Petruchio finds he must literally trap and force Kate into marriage. The scenes of his pursual of Kate are nothing short of comical-he even dares to call out the most famous words: "Kiss me Kate!", as she is slapping and hitting him. She finds him disgusting...shutting herself away in her room. Petruchio is so certain of his charm, that he waits at the altar for his beloved Sweet Kate to arrive...dressed like a clown to add insult to an already frightful situation...he awaits her arrival( and wait and wait he does). Bets are placed. Will she show? Has Petruchio tamed the wild shrew or will she leave him at the altar?
This is as far as I dare go...the comedy that insues from this point on is nothing short of hardy laughs. Sweet Kate (as he calls her) surprises everyone throughout the length of this sumptuously beautiful movie. She does not disappoint!
William Shakespeare has filled this wonderful of tales with proper sarcasm and all the right comedy one needs to fall in love with this movie. It is truly a classic. The setting, the elegant clothes, and of course the acting between Liz and Richard surpass many Shakespearian movies. I highly recommend this as one to own and enjoy forever....more info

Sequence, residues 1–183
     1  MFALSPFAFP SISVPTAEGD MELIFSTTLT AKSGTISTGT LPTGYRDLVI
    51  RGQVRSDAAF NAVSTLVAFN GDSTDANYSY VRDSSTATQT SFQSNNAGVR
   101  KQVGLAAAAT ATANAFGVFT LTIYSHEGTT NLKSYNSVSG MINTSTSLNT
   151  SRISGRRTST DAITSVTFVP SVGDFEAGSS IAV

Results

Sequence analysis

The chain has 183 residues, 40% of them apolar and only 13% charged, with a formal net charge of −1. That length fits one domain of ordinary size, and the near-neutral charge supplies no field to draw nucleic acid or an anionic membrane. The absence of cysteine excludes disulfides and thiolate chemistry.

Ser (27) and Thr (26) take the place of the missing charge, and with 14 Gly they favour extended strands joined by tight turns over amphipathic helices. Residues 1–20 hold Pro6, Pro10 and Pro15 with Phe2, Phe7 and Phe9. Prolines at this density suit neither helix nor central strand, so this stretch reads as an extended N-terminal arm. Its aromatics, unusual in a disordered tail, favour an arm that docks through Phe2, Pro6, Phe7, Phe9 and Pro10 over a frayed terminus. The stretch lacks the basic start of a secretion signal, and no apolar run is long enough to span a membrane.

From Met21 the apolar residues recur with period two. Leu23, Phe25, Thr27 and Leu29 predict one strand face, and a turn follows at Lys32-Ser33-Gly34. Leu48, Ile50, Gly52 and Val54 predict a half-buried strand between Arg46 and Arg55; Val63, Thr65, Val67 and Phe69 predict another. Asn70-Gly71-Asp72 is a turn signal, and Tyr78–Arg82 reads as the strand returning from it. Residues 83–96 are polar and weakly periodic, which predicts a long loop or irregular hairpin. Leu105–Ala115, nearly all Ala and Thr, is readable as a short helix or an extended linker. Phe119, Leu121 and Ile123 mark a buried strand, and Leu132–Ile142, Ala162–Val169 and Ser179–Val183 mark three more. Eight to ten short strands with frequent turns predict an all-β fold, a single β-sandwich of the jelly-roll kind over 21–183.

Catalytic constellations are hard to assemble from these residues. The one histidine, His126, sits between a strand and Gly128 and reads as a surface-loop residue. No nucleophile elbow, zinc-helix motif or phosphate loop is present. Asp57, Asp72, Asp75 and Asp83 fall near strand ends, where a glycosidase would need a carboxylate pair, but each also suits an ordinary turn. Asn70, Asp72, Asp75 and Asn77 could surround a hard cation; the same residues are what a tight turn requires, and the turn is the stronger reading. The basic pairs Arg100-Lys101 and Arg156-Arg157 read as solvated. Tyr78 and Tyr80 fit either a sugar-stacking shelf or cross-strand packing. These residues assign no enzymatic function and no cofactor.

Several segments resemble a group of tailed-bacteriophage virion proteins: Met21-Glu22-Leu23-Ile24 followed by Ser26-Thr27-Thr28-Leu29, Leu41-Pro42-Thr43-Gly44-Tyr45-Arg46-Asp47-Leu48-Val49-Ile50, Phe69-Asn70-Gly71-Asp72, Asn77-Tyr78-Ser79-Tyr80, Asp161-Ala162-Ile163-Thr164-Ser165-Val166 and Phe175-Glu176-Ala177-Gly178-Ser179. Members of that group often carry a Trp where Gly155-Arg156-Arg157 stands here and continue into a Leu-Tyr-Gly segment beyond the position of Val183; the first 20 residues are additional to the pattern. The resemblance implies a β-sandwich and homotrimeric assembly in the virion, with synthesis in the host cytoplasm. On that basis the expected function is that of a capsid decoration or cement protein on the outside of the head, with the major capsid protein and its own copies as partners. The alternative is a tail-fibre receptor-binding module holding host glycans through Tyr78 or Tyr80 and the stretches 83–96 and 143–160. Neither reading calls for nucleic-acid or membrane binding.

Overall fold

- Excellent! A real joy.
From the begining of this movie, when you spot Elizabeth Taylor having the temper tantrum of a lifetime, you *know* this is going to be a good time.
I adored this movie!
Kate and Bianca are sisters. Their father has decreed that the younger sister, even tempered Bianca, may not marry until her elder sister walks down the aisle. Unfortunately, Kate (Liz Taylor) has the disposition of a rattlesnake and is given to fits of anger. Thus far, it has put off any suitors, and Bianca frets that she'll never be allowed to marry. Then Pertruchio (Richard Burton) comes into the picture - a rather mad gentleman who is looking for a woman with a large dowry - and he pursues Kate, much to Kate's chagrin. Eventually, he tricks her into marriage. The honeymoon angst beings soon thereafter.
Great acting, great sets, and beautiful costuming, The Taming Of The Shrew is a great time. I am very glad I bought this one. I'll be watching it over and over again, I can guarantee.
- asses are made to bear and so are you